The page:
6. hsianloon

    Hero 7022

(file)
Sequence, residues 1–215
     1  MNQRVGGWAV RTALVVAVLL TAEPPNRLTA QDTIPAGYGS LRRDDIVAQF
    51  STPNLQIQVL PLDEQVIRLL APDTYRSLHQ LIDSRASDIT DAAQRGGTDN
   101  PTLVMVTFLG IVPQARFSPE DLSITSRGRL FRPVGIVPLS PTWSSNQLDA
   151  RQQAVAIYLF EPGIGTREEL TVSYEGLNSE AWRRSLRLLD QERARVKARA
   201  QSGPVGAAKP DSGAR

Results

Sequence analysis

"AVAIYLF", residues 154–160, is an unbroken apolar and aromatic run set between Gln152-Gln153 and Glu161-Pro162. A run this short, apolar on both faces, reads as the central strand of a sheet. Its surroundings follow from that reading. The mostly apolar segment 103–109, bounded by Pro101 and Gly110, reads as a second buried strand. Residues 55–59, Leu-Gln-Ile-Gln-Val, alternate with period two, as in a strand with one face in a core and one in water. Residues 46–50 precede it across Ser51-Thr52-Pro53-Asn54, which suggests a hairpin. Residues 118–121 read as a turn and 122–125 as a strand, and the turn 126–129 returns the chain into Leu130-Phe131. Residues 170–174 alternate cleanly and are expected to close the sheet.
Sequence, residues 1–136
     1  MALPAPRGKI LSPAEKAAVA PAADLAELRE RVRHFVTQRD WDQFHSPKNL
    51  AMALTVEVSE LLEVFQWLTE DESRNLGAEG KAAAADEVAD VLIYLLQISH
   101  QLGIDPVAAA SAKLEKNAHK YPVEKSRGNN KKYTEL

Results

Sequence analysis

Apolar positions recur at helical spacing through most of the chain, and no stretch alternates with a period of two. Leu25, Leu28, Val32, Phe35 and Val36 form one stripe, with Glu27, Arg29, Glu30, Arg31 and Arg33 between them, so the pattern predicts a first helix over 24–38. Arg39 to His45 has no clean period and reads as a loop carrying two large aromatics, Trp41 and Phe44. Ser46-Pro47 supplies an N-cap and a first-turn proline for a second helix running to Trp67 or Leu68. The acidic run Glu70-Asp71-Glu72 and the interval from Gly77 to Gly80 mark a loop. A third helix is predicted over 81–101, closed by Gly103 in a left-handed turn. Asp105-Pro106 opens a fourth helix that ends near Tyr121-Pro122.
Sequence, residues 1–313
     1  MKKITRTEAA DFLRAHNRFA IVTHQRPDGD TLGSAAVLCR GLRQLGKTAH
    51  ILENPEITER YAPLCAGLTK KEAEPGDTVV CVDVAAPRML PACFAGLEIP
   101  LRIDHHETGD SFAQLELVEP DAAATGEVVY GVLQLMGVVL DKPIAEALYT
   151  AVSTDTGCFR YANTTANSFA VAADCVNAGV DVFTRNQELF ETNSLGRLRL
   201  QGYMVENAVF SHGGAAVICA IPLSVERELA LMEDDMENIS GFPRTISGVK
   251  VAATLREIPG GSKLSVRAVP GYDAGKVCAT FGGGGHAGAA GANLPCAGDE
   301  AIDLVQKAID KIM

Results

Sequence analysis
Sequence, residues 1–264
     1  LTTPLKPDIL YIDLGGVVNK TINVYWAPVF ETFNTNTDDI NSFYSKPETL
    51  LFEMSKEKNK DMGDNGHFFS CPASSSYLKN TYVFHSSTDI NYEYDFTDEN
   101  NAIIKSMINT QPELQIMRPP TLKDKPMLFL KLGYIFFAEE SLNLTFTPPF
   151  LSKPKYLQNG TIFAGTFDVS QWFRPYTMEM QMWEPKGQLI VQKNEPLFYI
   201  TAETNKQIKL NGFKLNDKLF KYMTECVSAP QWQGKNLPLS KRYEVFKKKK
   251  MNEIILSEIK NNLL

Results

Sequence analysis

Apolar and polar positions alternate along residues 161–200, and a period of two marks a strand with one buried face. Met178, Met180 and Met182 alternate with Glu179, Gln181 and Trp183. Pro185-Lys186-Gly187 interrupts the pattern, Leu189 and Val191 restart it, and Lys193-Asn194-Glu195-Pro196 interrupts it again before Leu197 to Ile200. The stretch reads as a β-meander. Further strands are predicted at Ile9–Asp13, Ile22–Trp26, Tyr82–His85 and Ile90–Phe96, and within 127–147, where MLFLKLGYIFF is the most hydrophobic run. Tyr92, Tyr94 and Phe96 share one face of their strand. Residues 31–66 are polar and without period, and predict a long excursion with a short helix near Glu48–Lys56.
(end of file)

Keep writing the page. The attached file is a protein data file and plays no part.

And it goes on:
Price:11 USD plus shipping to Ireland from Hong Kong Very decent packaging for a 11 dollar pen inclusive of delivery. I mean, could you ask for more? A simple box with both the cover and the container has a nice embossed feel to it, red at the top and grey at the bottom, with the Hero brand splashed across the top. Nice smooth velvety plastic cushion for the pen to rest on. No complaints here. (considering some 3 digit pens have been received in PVC pipes, stuffed with toilet paper...) Comparisons with some common pens, eg the Lamy ( which everyone probably has ) and TWSBI VAC 700. Didn't weight it ,but feels about the same as a fully inked VAC 700, heavier than a Lamy Al Star Pity the nib wasn't bigger, would have given the pen a more majestic feel. It's almost fighting with my Conway Stewart 338 for smallest nib award. Steel nib with erm, pseudo gold coating. Anyhow, pretty cool duo-colored nib for 11 dollars. Barrell is cast in ..okay I'm really bad at telling materials apart to be honest. For its price, plastic I guess, surrounding a steel body. The trimmings are listed as silver but time will tell. The black/blue granite or electric as I'd call it, is a simple design that doesn't particularly catch the eye, and isn't too gaudy. Cartridge converter supplied is the standard international one. Looking into the barrel, it's hollow all the way, and could definitely do with a longer converter, giving us the precious extra maybe 0.5ml? It's described as a medium nib, but I would say it is a western fine. I've seen no broads so far, but maybe you'll have better luck searching than me. Basically , just go up one size for the width you'd like. I've onlytested it with the Noodler's X Feather, but I will say it is a smooth writer, not a Montblanc George Bernard Shaw smooth n or TWSBI medium jowo nib smooth, but very good regardless for its value. If my Montblanc George Bernard Shaw was a 10/10, TWSBI is a 8/10, this would be a 6.8/10. I''m not sure if this pen is a 'dry writer'' or if it;s just the ink as this really is the first time I've used this ink. Have already given the nib etc a little scrub and flush. Personally I like posting as it gives me some ''balance'' that keeps my writing from going to small , especially when I use a fine. But that's just me. Pros- cheap- reliable and simple cartridge converter requiring little maintenance- feels solid, not something that you'd drop and crash into 10 tiny pieces- weight of the pen is quite evenly distributed to the middle of the pen- snap on cap, good for people who take pens in/out all the time every few minutes eg doctors on ward rounds- discrete looking and avoids the akward ''ooh you using a fountain pen, you must be so classy'' conversation you don't want to have. cons- really? for a 11usd pen I have to be critical?- okay fine cartridge converter with small ink reservoir...- I mean seriously...you expect a phoenix, yet offer chicken feed ? ( trivia, anyone knows where this line is from..hint, more likely to know if you were born mid 80s or so )